Even though he completed a junior year collegiately he's still only 22 years old and appears ready for high-A next season. The Reds pipeline is getting crowded with third base prospects but he's outhitting Rahier, and a couple of others at Pensacola. Mejias-Brean still looks like a sleeper from last year's draft and given his previous history in the Pioneer League it would be no surprise to see him put up big numbers in the hitter-friendly California League when he arrives.

Other Organizational News:

Louisville got off to a rough start coming out of the all-star break with an 8-0 loss at Scranton/Wilkes-Barre. Mike Hessman and Denis Phipps both had two of the five Bats hits. Chad Reineke took the loss for allowing four runs on nine hits in six innings.

Pensacola allowed a run in the first inning which would be the only one to cross the plate in their 1-0 loss to visiting Huntsville. Travis Mattair smacked three hits including a couple of doubles and Ryan LaMarre added two singles. Daniel Renken picked up the loss from a nice outing, allowing only one run on three hits/four walks in six innings with four strikeouts. Lee Hyde and Josh Ravin combined for three innings of scoreless relief.

Bakersfield fell behind early when they allowed four in the first, but got back in the game when they answered with three of their own in the bottom of the inning. It was all Rawhide after that at the Blaze lost 9-3 at home to Visalia. Kyle Waldrop had two hits while Steve Selsky reached safely from a hit and two walks. Juan Duran had a hit, walk, and two RBI. Starter James Allen was charged with the loss for allowing six runs in two innings pitched.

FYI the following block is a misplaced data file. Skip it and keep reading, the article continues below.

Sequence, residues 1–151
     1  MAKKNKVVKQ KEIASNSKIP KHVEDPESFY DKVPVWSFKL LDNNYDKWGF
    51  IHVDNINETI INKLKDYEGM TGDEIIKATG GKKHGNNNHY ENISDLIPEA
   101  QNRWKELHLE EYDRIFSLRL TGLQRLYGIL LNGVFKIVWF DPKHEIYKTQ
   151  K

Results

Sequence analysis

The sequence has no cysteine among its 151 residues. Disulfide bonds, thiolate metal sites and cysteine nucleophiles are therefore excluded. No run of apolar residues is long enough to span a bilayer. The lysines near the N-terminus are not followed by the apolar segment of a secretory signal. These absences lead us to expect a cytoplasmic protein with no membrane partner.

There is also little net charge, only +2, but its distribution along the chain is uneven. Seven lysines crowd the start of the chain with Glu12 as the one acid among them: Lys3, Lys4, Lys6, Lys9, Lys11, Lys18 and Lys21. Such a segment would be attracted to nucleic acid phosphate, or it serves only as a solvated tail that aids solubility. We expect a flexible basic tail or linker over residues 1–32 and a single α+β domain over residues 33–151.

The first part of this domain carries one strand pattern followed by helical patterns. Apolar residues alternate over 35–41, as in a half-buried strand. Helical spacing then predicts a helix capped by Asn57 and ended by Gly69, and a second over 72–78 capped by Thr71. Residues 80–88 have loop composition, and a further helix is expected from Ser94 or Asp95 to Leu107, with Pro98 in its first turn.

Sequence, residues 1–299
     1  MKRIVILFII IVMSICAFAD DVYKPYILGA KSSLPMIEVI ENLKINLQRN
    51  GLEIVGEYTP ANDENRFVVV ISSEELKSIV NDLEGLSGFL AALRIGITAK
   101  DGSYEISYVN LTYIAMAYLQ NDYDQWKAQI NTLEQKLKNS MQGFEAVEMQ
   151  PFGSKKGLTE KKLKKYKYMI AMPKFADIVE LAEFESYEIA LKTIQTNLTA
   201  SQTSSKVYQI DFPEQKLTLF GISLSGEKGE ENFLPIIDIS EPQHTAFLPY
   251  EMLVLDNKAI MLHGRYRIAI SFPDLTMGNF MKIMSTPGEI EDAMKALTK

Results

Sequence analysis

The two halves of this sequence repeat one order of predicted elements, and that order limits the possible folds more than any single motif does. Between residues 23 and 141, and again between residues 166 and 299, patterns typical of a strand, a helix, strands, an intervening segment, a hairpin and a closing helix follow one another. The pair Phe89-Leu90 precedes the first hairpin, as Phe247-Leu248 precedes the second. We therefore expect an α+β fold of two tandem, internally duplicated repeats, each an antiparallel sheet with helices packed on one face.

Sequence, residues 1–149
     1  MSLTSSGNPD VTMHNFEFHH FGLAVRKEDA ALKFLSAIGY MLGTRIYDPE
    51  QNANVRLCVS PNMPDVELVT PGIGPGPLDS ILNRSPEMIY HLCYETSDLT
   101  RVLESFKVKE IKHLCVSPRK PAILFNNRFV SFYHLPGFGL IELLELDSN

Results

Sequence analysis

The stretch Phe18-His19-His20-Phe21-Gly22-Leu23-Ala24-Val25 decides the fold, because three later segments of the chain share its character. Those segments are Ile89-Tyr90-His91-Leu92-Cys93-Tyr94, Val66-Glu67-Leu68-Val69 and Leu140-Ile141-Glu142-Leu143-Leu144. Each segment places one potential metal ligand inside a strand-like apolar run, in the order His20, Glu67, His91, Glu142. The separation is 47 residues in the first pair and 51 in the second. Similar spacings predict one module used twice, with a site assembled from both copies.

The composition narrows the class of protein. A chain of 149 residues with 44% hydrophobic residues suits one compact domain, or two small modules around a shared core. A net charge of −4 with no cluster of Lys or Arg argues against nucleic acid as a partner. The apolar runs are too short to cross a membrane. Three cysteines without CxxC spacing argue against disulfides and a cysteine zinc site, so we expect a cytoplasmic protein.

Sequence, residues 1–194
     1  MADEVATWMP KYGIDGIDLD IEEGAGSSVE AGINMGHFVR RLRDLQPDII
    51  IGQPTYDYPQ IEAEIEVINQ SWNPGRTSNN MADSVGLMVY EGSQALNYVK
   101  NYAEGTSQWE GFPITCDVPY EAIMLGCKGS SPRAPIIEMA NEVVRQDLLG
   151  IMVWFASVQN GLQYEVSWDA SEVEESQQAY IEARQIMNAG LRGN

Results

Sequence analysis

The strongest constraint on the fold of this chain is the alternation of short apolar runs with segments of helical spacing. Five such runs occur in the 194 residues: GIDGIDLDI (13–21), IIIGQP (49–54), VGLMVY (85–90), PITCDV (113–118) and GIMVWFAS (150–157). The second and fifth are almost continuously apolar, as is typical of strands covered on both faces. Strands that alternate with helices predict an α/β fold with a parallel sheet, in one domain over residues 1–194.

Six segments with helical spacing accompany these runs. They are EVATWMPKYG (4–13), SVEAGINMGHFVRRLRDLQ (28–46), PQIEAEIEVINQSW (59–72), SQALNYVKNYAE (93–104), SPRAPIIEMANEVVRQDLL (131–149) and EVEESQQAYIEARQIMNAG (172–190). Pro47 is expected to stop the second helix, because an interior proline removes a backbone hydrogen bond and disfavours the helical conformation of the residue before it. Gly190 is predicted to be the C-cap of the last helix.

Billings lost a slugfest at home to Grand Junction by a score of 10-8. The Mustangs trailed 8-1 before scoring seven runs in the last three innings, but that would not be enough. Gabriel Rosa and Carlos Sanchez had two hits apiece and combined for three RBI. Pedro Diaz took the loss for allowing six runs (five earned) in four innings pitched.

The AZL Reds allowed two in the ninth in their 4-2 loss to the AZL Diamondbacks. Corey Thompson and Logan Uxa both had two hits for the Reds. Jeremy Kivel got the start and allowed two runs (one earned) on two hits and a walk while striking out four in four innings. Soid Marquez relieved him with three scoreless innings over which he allowed only one hit and struck out five. Wagner Gomez was charged with an unearned run while tossing less than an inning for the loss.

The DSL Reds were idle and will play the DSL Diamonbacks on Friday.

The DSL Rojos gave up five runs in the ninth in their 10-4 loss to the DSL Pirates2. Francis Azcona had three hits and scored twice for the Rojos. Jose Salas allowed two runs on three hits and a walk over five innings while striking out five for the loss.